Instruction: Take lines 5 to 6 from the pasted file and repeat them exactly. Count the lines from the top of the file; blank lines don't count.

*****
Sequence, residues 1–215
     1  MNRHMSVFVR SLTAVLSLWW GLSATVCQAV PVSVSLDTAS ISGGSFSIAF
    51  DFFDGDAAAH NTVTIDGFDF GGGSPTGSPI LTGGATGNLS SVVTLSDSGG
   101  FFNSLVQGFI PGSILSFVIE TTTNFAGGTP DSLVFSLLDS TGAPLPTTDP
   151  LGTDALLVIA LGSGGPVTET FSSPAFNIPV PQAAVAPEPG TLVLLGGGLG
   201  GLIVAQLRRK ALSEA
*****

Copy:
   151  LGTDALLVIA LGSGGPVTET FSSPAFNIPV PQAAVAPEPG TLVLLGGGLG
   201  GLIVAQLRRK ALSEA